It all started when Prince Kaybee threw shade at Naak’s latest SUV, IOL reported. A video with the SUV struggling to surmount a steep road hill led Kaybee to tweet, “BMW engineering is k*k like k*kmusiq”

To cut a long story about a hectic, random twar short, it ended with Naak threatening to beat Prince Kaybee up. Black Coffee and DJ Tira had to intervene. The end.


New school SA rappers Big Hash and J Molley shook the table with their diss tracks this year. It’s rather sad they haven’t continued staying on the radar as much since then.

The Big Hash vs. J Molley beef is believed to have started when the Big Hash dished the first shot on a song called ‘I’m Sorry’.

The song, which surfaced on the rapper’s Soundcloud “Carried a coffin big enough to carry Mooz’ and Molley. That’s no disrespect to anyone if you are offended, sorry!” . The track is taken from Hash’s EP, Life + Times.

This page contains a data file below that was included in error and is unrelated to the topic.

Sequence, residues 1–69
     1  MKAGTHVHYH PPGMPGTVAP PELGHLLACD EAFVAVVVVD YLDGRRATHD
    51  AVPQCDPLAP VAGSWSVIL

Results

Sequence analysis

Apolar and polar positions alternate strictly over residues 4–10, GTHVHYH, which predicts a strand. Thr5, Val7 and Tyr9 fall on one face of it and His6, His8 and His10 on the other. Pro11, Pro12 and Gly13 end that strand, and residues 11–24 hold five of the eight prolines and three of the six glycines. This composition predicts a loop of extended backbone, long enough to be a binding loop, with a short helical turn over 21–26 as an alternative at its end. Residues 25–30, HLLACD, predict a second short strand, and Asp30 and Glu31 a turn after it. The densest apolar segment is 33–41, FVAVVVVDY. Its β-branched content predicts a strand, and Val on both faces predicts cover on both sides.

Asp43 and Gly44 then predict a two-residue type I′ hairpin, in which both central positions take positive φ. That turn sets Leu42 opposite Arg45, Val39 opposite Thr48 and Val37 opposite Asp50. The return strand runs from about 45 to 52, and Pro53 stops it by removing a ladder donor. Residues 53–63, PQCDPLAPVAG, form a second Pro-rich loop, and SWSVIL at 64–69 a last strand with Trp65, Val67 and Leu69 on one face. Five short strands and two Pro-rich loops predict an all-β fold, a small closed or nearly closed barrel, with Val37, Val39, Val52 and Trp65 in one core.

J Molley hit back with a lethal retort. Pallbearer (The Big Hash Diss) charged towards The Big Hash, taking him from several angles. Their back and forth went on for a while, and they’ve yet to reconcile their differences.  


This beef might have led to a record for the fastest a public apology came out of AKA’s mouth. But after the two bickered back and forth for a day, both AKA and Riky Rick came back on Twitter to humbly apologize.

To dish out a quick summary, here’s how it all happened: Sizwe slammed AKA’s approach to business after the rapper had publicized his strife with a sportswear brand he’d been endorsing for allegedly close to nothing in actual revenue.

Days later, AKA came back with some disses. They both had an exchange. Where things went downhill is when AKA posed a question that dragged Sizwe’s family into the fray.